+    USER_Y_EXTENT_MAX=grids@bbox[2,2]-grids@grid@cellsize[[1]]/2))
# now extract a buffer distance map and load it back to R:
# the parameters DIST and IVAL are estimated based on the grid properties:
> rsaga.geoprocessor(lib="grid_tools", module=10, param=list(SOURCE="bei_buffer.sgrd", 
+   DISTANCE="bei_dist.sgrd", ALLOC="bei_alloc.sgrd", BUFFER="bei_bdist.sgrd", 
+   DIST=sqrt(areaSpatialGrid(grids))/3, IVAL=grids@grid@cellsize[[1]]))
> rsaga.sgrd.to.esri(in.sgrds="bei_dist.sgrd", out.grids="bei_dist.asc", 
+   out.path=getwd(), prec=1)

> grids$buffer <- readGDAL("bei_dist.asc")$band1
> grids$bufferr <- grids$buffer/max(grids$buffer, na.rm=T)
# extrapolation weight:
> grids$weight <- ((100*grids$bufferr+(100-grids$hsi))/2)^2
> dens.weight <- as.im(as.image.SpatialGridDataFrame(grids["weight"]))
> bei.absences <- rpoint(length(bei.sub.pnt$no), f=dens.weight)
> bei.absences <- data.frame(x=bei.absences$x, y=bei.absences$y ,no=rep(0,
+    length(bei.sub.pnt$no)))
> coordinates(bei.absences) <- ~x+y
# combine the occurences and absences:
> bei.all <- rbind(bei.sub.pnt["no"], bei.absences["no"])
> spplot(bei.all["no"], col.regions=rainbow(2), cex=1.2)
Figure: Simulated pseudo-absences and observed occurrences.

By combining HSI and buffer map around the occurrence locations, we are able to simulate the same amount of pseudo-absence locations. Note that the correlation between the HSI and intensity is now clearer, and the spreading of the points around the HSI feature space is symmetric.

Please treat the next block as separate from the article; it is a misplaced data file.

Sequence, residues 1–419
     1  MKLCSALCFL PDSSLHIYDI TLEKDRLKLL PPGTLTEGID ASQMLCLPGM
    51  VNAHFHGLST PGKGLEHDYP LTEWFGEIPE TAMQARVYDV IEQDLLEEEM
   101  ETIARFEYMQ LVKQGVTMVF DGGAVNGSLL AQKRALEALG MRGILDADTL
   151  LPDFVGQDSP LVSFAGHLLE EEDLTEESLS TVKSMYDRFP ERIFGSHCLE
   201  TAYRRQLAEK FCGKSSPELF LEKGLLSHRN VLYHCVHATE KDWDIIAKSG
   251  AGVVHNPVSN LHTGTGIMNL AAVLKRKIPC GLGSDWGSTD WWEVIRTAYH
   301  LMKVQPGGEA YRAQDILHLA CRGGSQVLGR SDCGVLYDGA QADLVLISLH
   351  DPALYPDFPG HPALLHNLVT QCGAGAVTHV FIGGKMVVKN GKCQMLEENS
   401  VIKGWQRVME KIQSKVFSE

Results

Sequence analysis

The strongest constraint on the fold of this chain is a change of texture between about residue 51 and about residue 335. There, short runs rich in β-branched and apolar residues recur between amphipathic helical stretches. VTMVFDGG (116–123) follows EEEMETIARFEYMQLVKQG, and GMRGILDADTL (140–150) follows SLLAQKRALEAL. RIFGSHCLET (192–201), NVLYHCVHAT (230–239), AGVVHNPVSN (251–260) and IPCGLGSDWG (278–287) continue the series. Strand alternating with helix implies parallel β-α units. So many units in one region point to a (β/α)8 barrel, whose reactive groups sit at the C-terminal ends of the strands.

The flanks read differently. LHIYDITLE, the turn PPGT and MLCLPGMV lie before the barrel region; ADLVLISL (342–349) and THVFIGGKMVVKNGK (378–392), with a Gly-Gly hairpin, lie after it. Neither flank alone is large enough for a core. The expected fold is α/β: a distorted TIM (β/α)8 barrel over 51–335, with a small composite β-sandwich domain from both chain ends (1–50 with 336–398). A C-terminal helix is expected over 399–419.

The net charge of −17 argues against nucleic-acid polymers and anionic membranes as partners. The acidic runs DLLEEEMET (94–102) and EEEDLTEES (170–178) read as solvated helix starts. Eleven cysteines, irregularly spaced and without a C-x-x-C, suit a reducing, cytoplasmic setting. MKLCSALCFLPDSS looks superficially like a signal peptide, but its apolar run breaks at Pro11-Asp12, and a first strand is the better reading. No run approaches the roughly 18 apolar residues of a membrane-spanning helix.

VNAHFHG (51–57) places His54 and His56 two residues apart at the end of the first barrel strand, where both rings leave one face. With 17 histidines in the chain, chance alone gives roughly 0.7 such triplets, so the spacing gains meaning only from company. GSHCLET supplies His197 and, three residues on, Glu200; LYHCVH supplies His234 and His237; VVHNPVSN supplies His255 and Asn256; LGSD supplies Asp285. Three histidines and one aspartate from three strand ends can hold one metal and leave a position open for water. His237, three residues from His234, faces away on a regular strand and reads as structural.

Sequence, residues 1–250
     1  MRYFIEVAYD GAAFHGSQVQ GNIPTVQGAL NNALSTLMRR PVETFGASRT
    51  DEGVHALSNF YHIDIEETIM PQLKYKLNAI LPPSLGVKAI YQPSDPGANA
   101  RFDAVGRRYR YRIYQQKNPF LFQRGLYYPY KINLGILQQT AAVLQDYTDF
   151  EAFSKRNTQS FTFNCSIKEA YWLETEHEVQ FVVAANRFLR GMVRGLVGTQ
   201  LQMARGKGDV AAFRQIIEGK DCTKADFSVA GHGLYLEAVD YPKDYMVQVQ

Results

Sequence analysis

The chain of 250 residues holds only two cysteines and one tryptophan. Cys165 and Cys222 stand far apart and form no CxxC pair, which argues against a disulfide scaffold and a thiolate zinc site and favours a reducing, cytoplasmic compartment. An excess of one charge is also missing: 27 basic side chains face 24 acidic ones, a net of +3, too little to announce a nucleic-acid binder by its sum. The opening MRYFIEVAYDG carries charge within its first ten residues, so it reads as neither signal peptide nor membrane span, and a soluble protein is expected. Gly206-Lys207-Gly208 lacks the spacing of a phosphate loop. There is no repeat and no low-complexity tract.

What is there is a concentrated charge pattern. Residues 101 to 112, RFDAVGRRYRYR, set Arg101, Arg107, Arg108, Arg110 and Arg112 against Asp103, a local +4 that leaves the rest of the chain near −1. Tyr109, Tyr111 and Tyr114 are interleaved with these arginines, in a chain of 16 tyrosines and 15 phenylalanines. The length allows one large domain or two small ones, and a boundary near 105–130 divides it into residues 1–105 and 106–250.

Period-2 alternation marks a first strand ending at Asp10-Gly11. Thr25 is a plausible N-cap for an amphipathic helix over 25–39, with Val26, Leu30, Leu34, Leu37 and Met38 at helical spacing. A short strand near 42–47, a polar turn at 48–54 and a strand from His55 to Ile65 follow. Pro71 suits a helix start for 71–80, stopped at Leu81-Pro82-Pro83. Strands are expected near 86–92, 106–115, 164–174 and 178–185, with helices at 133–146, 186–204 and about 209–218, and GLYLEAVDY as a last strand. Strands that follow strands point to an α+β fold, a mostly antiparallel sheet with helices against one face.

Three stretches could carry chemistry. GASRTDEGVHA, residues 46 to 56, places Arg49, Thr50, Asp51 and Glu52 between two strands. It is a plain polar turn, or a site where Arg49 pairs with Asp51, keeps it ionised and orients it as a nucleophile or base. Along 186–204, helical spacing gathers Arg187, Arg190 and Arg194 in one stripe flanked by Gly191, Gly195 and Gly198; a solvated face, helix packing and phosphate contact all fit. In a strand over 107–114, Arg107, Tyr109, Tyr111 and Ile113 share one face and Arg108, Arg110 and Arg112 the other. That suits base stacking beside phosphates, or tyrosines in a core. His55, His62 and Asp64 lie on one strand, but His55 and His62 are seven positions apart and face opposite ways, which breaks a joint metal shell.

Regression analysis / variograms

Before we run any regression analysis, we need to derive principal components using the four environmental predictors (in order to reduce their dimensions and multicolinearity):

# derive PCs from the original predictors:
> pc.grids <- prcomp(~grad+elev+twi+achan, scale=TRUE, grids)
> pc.comps <- as.data.frame(pc.grids$x)
> pointgrids <- as(grids, "SpatialPointsDataFrame")
> pc.comps$X <- coordinates(pointgrids)[,1]
> pc.comps$Y <- coordinates(pointgrids)[,2]
> coordinates(pc.comps) <- ~X+Y
> gridded(pc.comps) <- TRUE
> pc.comps <- as(pc.comps, "SpatialGridDataFrame")

Next, we can overlay the predictors and the estimated intensities at occurrence and absence locations:

> bei.ov2 <- overlay(pc.comps, bei.all)
> bei.ov2$no <- bei.all$no
# convert the original values to logits:
> bei.ov2$log.densr <- log((bei.ov2$densr+0.001)/(1-(bei.ov2$densr-0.001)))
> summary(bei.ov2$log.densr); var(bei.ov2$log.densr, na.rm=T)
   Min. 1st Qu.  Median    Mean 3rd Qu.    Max.
 -6.908  -3.378  -1.882  -2.297  -1.197   4.253
[1] 3.666165

The benefit of converting the target variable to logits and the predictors to PCs, is that the relationship between the two is now close to linear:

> scatter.smooth(bei.ov2$PC1, bei.ov2$log.densr, span=19/20, col="grey", 
+    xlab="PC1", ylab="logit(density)")
> lm3.bei <- lm(log.densr~PC1+PC2+PC3+PC4, bei.ov2@data)
> summary(lm3.bei) 
# the model explains 24 % of variation
Figure: Correlation plot PC1 versus logit-transformed intensity.